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Neurobiol Dis. 2003 Mar;12(2):133-49.

Identification of cryptic nuclear localization signals in the prion protein.

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The Institute of Pathology, Case Western Reserve University, 2085 Adelbert Road, Cleveland, OH 44106, USA.


Abnormal transport of C-terminally truncated prion protein (PrP) to the nucleus has been reported in cell models of familial prion disorders associated with a stop codon mutation at residues 145 or 160 of the PrP. In both cases, PrP is translocated to the nucleus in an energy-dependent fashion, implying the presence of cryptic nuclear localization signal(s) in this region of PrP. In this report, we describe the presence of two independent nuclear localization signals (NLS) in the N-terminal domain of PrP that differ in the efficiency of nuclear targeting. When acting independently, each NLS sequence mediates the transport of tagged bovine serum albumin into the nucleus of permeabilized cells. When acting together, the two NLS sequences complement each other in transporting the N-terminal fragment of PrP to the nucleus of transfected cells, where it accumulates at steady state. Interestingly, nuclear translocation of PrP is blocked completely if the N-terminal fragment is extended to include one or two N-glycans. The glycosylated PrP fragment, instead, accumulates in the endoplasmic reticulum. Extension of the N-terminal fragment to include both N-glycans and the glycosyl phosphatidylinositol anchor, as expected, directs PrP to the plasma membrane. These observations hold implications for the pathogenesis of familial prion disorders, where truncated and abnormally glycosylated mutant PrP forms may accumulate in the nucleus and initiate neurotoxicity through novel mechanisms.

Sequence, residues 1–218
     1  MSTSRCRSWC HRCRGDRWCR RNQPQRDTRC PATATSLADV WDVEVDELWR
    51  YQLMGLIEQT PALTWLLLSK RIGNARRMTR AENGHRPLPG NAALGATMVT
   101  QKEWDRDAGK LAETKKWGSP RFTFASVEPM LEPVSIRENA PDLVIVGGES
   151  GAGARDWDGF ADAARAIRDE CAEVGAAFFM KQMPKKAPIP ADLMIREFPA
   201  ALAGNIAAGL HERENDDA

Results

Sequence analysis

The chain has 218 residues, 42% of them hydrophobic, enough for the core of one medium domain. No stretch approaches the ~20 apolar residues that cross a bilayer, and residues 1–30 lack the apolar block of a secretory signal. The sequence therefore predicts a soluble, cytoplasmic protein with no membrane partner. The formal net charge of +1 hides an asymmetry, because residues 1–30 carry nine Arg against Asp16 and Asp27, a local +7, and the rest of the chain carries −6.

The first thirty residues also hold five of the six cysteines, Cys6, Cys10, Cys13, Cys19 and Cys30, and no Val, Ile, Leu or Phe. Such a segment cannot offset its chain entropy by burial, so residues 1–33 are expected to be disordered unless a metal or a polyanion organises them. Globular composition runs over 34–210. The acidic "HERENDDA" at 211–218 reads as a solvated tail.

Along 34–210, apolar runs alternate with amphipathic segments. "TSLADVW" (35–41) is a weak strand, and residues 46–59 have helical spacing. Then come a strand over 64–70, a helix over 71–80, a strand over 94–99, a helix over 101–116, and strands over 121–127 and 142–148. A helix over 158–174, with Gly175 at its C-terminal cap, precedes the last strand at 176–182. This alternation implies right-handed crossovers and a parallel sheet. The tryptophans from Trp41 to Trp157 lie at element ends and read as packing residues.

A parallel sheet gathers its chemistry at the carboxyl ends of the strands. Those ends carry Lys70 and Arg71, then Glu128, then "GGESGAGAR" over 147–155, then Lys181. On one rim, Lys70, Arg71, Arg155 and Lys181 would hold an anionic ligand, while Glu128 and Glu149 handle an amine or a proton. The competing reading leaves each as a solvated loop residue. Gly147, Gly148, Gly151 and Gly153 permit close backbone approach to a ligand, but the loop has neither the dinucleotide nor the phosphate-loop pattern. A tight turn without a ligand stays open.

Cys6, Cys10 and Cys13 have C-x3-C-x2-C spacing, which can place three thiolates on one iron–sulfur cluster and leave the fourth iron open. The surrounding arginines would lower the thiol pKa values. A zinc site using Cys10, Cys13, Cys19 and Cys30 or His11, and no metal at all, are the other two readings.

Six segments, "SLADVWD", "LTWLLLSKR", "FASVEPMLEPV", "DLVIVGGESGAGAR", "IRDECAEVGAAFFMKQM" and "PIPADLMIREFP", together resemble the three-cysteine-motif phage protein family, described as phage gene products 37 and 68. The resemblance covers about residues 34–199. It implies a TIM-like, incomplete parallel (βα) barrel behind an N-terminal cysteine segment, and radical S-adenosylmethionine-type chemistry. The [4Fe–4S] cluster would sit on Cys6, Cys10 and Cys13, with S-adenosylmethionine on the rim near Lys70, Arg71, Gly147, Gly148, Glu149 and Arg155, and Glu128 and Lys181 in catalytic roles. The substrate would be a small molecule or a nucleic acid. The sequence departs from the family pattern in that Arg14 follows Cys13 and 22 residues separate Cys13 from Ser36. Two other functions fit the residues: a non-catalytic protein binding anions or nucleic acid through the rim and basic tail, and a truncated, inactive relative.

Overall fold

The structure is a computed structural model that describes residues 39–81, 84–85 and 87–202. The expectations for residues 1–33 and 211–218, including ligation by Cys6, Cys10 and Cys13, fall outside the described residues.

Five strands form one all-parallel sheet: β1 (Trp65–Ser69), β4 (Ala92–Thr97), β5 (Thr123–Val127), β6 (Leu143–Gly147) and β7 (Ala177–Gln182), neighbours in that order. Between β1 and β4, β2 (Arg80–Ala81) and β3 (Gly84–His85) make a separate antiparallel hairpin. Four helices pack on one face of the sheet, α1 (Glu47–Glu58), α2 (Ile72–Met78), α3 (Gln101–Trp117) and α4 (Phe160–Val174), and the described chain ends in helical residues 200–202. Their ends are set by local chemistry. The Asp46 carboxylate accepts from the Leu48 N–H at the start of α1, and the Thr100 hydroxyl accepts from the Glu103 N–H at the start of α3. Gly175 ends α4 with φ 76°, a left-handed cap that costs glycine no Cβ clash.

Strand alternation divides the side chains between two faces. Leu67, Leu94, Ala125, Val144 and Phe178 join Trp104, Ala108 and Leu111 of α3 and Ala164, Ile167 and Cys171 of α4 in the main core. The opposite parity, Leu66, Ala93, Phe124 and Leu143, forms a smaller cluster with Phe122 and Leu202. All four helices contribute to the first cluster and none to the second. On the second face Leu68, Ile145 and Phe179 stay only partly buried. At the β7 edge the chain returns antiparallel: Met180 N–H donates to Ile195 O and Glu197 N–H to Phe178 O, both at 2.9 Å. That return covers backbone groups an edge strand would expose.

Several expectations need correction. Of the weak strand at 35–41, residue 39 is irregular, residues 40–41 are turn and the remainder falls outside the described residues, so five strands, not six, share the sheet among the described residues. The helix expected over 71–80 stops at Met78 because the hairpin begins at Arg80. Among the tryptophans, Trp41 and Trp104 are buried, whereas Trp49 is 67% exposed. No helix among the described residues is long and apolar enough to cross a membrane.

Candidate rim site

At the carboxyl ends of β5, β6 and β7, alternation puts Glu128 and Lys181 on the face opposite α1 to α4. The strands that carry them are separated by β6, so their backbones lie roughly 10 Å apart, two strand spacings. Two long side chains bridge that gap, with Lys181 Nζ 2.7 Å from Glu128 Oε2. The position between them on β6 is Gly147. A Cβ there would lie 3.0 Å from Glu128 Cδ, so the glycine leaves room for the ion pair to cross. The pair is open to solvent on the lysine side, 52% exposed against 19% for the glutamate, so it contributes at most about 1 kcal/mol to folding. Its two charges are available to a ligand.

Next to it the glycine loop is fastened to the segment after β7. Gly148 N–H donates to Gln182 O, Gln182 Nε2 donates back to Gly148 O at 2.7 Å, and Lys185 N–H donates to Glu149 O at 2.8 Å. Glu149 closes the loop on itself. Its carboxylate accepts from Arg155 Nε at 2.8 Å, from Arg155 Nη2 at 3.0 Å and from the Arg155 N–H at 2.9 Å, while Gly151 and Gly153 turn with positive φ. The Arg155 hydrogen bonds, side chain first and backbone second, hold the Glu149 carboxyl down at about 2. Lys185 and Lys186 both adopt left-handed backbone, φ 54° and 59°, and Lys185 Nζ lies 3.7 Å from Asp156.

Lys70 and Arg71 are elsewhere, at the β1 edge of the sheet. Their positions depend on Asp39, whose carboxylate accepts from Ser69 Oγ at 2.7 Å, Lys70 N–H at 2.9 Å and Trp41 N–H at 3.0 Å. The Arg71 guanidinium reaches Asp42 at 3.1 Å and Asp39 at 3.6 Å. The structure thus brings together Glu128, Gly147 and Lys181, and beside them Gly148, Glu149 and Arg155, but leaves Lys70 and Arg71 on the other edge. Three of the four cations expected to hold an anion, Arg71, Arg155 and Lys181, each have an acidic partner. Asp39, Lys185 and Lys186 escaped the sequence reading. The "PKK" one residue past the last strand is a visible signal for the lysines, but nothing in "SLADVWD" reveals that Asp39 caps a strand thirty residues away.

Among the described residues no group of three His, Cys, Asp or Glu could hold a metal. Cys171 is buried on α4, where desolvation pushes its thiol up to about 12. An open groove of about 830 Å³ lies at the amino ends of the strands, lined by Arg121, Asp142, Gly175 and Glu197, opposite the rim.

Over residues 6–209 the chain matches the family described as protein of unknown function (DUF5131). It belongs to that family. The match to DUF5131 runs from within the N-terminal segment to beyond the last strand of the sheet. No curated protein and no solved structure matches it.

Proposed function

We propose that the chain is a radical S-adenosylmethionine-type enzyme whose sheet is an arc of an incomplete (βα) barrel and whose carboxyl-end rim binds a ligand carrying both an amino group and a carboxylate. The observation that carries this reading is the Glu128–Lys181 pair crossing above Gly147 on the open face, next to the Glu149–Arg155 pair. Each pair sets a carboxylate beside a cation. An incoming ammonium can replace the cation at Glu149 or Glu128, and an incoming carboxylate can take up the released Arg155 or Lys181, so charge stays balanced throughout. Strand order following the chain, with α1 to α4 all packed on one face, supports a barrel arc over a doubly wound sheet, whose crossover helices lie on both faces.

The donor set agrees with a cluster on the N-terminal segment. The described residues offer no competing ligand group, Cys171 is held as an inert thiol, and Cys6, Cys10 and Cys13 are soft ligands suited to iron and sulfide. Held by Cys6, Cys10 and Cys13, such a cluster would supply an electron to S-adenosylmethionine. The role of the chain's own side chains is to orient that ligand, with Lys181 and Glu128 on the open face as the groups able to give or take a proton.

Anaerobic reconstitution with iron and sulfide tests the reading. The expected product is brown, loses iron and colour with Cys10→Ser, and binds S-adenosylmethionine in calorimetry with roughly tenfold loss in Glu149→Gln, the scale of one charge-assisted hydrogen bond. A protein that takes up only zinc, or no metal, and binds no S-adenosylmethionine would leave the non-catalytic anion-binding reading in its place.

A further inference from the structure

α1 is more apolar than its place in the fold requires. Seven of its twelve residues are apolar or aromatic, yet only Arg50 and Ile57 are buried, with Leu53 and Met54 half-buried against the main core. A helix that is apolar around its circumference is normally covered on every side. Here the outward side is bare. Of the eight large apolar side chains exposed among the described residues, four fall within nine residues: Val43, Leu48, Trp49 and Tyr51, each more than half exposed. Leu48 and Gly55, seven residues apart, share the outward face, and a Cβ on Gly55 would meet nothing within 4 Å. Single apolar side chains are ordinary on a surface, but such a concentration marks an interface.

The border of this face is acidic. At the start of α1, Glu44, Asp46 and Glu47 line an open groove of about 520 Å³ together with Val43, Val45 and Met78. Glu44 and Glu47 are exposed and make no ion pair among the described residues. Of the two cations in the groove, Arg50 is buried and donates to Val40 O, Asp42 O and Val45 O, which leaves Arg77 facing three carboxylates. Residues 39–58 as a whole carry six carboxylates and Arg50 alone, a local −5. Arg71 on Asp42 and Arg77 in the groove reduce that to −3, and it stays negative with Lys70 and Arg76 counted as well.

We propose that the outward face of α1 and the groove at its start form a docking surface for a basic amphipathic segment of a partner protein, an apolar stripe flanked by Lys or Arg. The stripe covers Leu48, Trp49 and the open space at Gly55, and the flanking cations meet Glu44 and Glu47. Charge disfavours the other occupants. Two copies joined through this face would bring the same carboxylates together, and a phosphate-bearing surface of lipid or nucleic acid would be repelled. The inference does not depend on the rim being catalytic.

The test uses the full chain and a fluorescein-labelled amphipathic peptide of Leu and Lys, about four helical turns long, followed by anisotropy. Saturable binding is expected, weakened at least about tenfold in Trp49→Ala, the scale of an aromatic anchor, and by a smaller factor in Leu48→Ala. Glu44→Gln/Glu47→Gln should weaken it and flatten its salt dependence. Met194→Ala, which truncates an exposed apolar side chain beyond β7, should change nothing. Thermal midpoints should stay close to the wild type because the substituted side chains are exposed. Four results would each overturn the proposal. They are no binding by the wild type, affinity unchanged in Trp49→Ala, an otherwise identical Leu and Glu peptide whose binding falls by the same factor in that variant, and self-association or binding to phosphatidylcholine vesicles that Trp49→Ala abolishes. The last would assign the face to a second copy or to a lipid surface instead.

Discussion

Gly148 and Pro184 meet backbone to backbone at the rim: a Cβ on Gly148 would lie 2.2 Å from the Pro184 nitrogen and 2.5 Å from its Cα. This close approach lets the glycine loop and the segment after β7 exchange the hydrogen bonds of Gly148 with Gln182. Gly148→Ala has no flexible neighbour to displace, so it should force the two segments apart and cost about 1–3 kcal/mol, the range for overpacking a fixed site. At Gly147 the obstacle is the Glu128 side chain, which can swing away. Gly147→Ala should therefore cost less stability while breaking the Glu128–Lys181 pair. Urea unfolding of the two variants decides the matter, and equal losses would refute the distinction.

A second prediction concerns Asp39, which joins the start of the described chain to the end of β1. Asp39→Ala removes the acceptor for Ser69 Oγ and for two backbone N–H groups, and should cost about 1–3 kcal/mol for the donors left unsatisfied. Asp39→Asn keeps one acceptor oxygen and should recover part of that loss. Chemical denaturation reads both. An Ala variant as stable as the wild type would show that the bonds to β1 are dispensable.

[Indexed for MEDLINE]

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